Over the summer I started Google’s ‘Computational Thinking for Educators‘ course. With the deadline for the final project submission looming, I’ve been reviewing what I wrote and putting the finishing touches to my final project, which I’ll post tomorrow.
If you’re not sure what ‘Computational Thinking’ is, it’s a set of thinking tools to allow someone to break a problem down into the kind of logical steps that a computer would need to solve that problem. The Google course is based around four of these concepts:
- Decomposition: Breaking down data, processes, or problems into smaller, manageable parts
- Pattern Recognition: Observing patterns, trends, and regularities in data
- Abstraction: Identifying the general principles that generate these patterns
- Algorithm Design: Developing the step by step instructions for solving this and similar problems
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The Barefoot Computing project (run by Computing At School) breaks Computational Thinking down into 6 concepts, and 5 approaches. You’ll find them in the header image, a poster that I picked up at the TLAB Conference earlier this year.
The Google course is a great starting point both for thinking about computational thinking across the curriculum, and for some great resources that can be used in lessons right now, especially for anyone starting to think about the content of their ‘IT’ lessons (I think the Traveling problem was my favourite). While I have no idea what ‘Digital Competence’ will look like the context of the new Welsh curriculum, personally I’d hope that there was at least an element of this in it (rather than ‘Coding’ or ‘Comp Sci’ as some areas of the media seem to be fixated on). Certainly the work done by Barefoot Computing in England has shown, these are concepts that can be taught to, and have real tangible benefits to, students from KS1 (Foundation Phase) and up.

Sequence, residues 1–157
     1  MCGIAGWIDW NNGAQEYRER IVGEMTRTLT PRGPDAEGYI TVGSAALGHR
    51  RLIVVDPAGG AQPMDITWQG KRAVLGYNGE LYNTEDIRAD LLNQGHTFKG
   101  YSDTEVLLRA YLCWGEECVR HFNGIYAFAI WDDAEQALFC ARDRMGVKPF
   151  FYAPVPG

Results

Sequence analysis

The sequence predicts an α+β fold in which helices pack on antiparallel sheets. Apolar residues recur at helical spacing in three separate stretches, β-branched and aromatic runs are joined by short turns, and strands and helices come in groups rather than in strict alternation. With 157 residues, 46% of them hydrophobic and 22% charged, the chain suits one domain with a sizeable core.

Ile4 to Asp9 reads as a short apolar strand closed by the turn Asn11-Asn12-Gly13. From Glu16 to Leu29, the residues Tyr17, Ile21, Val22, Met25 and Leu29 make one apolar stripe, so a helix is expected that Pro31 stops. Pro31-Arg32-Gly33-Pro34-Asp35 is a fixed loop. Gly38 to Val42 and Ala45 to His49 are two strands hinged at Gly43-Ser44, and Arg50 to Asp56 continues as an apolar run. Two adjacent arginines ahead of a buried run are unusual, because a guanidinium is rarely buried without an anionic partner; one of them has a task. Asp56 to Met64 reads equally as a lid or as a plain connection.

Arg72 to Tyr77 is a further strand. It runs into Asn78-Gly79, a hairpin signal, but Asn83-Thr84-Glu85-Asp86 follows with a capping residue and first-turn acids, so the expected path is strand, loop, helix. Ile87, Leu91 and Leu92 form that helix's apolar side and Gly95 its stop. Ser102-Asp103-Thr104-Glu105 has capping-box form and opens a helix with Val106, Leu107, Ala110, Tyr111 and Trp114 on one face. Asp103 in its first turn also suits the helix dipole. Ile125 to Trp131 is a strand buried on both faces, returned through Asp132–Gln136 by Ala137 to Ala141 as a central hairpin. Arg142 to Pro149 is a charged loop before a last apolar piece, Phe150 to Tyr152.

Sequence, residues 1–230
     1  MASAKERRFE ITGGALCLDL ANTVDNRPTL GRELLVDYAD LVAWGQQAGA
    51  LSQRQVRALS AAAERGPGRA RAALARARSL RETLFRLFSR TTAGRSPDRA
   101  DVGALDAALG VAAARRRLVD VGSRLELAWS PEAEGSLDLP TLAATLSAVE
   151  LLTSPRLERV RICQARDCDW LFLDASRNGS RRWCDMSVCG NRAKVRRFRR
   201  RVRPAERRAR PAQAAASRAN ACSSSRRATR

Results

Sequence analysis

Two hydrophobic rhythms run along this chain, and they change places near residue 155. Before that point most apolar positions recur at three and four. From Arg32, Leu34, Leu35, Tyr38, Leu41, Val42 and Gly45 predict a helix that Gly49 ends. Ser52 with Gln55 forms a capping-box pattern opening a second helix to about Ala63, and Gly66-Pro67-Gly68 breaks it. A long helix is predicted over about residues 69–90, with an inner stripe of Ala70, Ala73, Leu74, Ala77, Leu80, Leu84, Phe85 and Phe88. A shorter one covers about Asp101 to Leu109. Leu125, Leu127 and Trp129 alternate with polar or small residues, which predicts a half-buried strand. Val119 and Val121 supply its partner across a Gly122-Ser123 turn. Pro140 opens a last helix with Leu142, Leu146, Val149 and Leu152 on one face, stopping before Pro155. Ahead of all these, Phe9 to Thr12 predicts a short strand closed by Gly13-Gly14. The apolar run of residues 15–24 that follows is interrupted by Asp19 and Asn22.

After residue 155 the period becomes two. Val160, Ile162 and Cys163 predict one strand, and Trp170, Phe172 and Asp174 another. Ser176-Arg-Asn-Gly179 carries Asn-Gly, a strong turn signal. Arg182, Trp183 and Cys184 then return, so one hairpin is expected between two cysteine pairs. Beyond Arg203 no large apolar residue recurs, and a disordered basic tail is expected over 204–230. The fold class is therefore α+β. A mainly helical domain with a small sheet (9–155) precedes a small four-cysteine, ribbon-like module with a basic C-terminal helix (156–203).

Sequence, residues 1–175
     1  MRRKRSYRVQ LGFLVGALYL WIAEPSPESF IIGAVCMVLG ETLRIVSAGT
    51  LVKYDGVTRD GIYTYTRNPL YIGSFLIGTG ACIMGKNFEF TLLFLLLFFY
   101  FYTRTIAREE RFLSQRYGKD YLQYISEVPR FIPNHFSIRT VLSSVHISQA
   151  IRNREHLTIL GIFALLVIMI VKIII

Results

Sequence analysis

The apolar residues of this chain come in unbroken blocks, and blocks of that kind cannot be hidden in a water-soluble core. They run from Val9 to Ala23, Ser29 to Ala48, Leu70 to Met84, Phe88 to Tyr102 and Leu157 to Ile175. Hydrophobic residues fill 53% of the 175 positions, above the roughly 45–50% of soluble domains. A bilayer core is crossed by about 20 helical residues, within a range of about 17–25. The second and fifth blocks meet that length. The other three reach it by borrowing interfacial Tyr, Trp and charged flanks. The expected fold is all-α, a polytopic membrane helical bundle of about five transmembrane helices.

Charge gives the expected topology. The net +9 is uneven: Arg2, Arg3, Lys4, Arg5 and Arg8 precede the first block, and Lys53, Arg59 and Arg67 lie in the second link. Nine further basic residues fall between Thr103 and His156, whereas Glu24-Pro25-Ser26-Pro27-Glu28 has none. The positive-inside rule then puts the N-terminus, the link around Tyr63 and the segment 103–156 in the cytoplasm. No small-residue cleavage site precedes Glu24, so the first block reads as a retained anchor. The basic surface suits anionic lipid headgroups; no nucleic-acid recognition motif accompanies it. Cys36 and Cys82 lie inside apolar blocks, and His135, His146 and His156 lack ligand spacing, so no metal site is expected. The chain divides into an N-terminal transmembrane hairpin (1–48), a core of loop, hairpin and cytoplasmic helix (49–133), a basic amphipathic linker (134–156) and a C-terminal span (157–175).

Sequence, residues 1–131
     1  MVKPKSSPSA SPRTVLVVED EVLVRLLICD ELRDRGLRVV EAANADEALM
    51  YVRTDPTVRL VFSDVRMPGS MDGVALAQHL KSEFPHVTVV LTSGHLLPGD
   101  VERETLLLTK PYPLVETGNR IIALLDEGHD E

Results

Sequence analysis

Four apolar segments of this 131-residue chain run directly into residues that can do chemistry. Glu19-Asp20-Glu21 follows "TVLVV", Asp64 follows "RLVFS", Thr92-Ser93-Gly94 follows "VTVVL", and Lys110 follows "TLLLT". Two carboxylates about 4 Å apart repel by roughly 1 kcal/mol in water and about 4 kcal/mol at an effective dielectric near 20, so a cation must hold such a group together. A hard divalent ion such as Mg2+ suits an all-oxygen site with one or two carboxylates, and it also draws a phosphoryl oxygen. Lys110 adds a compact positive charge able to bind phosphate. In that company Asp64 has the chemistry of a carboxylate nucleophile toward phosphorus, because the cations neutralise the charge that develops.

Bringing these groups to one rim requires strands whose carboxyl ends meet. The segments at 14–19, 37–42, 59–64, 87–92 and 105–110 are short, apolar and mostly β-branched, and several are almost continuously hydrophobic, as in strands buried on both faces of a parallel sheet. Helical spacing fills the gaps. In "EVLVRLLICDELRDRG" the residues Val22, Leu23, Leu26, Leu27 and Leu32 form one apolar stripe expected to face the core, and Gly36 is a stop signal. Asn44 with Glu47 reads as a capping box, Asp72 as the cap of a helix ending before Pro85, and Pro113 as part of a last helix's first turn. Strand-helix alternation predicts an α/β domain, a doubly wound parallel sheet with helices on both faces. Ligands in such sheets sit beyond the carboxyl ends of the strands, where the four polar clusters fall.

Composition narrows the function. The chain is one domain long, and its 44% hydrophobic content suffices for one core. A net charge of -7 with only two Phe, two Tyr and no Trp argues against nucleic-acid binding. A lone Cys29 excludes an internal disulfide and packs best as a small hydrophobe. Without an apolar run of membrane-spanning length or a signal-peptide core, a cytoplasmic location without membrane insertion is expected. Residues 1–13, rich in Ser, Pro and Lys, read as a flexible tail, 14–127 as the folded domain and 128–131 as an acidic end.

Part One of the assessment for the course was to answer the question: How does computational thinking apply to your domain or subject area?
This was my answer. (I’ve added the links back to the relevant sections of the course in the following text)
My initial thoughts are that Computational Thinking applies to History in three main ways.
Firstly, it provides a context for some of the activities. The chatbot is a good example of this – students would need to learn a lot about an historical character to program the bot. The activities are largely unrelated, it would simply be a vehicle for learning about a character, in the same way that it provided some context for the CT activity.
Secondly it provides a useful toolbox for thinking about big historical questions – decomposition and abstraction in particular are key tools in helping historians, even though they would probably use different terms to describe them.
Finally, with more and more access to ‘big data’, some of the pattern recognition and algorithm design may open up new avenues for historical enquiry, for example through activities such as the Google Books ngram viewer. While at first glance these may offer more tools for the professional historian, there may be something here that can be used in a classroom setting in a meaningful and useful way.